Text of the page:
As a sidenote, if you’re privy to my little show, please remind me to wash my hands thoroughly before attempting to remove my contacts (or do anything else with my hands.) Ah! The burning!

* Discourse on my bone-o-phobia as it relates to fowl led to the revelation of another of my pet peeves: calling a turkey The Bird. “How much does The Bird weigh this year?” “What time did you get up to put The Bird in the oven?” Gross! Nobody says “How much longer ‘til you’re finished frying The Pig?” or “Do you want The Cow medium rare?”.

** I guess it’s better than thinking about the Black Plague. But still…

*** This elaborate de-boning (and de-fatting, and de-gristling) process drives my mom crazy, and usually has me taking my first bite as the less picky clear their dishes.

**** This may be a false perception. But I’ve convinced myself that there are certain “traditionally masculine” things I do – loving Home Depot and chugging cheap beer, to name a few – that are simply irresistible. Allow me the fantasy, OK?

Sunday, March 20, 2005

If line 37 is $107,025 or less, multiply $3,100 by the total number of exemptions claimed on line 6B

“It’s time you learned how to do your own taxes. What if Dad died tomorrow?”

“Then you’d help me do my taxes.”

“I don’t know how to do taxes. And what if I died tomorrow, too?”

“Well, then I’d have bigger problems than figuring out who’s going to do my taxes.”

“Don’t be smart. You need to learn. You at least need to know about the financial planner.”

“Wait. We have a financial planner? Why don’t you just give me his info and I’ll get him to do my taxes?”

“What if the financial planner dies tomorrow? You need to know how to do your own taxes.”

“I think if both my parents and my financial planner died tommorrow, the IRS would cut me some slack.”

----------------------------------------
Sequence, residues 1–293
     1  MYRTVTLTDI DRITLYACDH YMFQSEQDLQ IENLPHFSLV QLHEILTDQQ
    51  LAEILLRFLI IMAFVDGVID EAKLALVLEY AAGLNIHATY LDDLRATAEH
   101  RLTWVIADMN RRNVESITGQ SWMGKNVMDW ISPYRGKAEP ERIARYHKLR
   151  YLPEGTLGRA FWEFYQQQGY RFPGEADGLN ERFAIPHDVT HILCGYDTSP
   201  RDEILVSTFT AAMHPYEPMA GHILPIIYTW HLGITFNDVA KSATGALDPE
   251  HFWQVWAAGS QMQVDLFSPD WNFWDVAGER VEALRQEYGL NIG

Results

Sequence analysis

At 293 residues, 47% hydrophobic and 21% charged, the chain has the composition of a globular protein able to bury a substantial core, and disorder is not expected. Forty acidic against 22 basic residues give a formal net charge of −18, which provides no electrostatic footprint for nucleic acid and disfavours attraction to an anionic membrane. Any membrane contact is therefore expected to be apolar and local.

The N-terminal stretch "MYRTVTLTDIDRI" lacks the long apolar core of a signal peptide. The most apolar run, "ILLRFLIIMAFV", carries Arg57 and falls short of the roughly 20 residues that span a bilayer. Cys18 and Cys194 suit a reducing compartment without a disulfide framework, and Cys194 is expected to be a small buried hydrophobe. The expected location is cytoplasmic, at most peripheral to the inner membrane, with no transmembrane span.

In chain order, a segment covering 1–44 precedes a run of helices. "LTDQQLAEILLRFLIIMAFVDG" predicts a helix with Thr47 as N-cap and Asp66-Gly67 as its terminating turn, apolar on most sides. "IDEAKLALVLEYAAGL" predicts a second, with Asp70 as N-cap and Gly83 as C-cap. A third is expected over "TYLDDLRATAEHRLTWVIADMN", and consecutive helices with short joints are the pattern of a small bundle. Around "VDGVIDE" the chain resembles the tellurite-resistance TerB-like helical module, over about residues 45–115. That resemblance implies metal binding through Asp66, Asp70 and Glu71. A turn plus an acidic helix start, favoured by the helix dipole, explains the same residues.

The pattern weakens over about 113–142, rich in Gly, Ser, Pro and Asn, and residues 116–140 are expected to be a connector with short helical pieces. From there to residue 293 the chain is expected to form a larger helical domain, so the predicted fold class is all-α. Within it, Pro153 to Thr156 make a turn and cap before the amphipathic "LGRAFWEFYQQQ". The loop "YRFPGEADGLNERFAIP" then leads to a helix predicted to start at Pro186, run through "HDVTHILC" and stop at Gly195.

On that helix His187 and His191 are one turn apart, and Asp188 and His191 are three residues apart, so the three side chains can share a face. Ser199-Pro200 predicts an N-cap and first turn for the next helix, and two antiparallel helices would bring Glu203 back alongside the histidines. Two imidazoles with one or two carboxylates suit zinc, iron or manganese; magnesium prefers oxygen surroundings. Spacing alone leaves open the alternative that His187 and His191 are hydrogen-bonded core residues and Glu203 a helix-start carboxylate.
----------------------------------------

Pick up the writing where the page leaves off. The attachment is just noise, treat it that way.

{I used to think I had the answers to everything}

So, yeah, I learned how to do my own taxes this weekend. And by “learned,” I mean “got some vague, shadowy idea of.”

I did what my dad called “the Reader’s Digest version” of my 1040, forms A, B, C, C-EZ* etc. etc.... I cross-referenced The Book and The Chart and “last year’s dividends and returns.” I added Line 22 to Line 36, subtracted the set amount as dictated by The Book (see page 35) from line 43, flipped to The Chart and extracted the random figure $318 from the matrix of dollars plotted against filing status.

{Feels like I’m caught in the middle/ That’s when I realize...}

“... ‘Taxable Interest, attach Schedule B if required’” (dig through stack of papers, find Schedule B) “OK, joint filing, blah blah blah. No that’s not me... Filing singly...”

“You’re single.”

“Yes, I’m fully aware. Thank you, though, for reminding me.”

{All I need is time/ A moment that is mine/ While I’m in between}

“This part will be easy. ‘Alimony Received?’ None. ‘Capital Gain or Loss?’ None.”


“Wrong? I have capital loss? How much?”

“Eh, about $31,000. You lost some oil wells this year.”

“I lost some oil wells this year?

“Yeah. It’s no big deal.”

“Fine. ‘Capital loss?’ $31,000. Now. ‘Rental real estate, royalties, partnerships, S-partnerships...’ None.”


“Wrong? I’m supposed to be getting royalties? From what?”

“No. You’re secretary in the Partnership.”

“Secretary in what Partnership? What am the mob?”

“Don’t worry about it. You’re secretary in the Partnership. It’ll all be taken care of when I run this through TurboTax.”

“Oh. Right. OK ‘Trusts.” Hey, I’m secretary in the Partnership, surely I must have a trust out there. Right? Riiiight?”

“Keep going.”

“Alright. ‘Farm Income or Loss.’ Ha! Know I don’t have that one.”


“What the...! I quit!”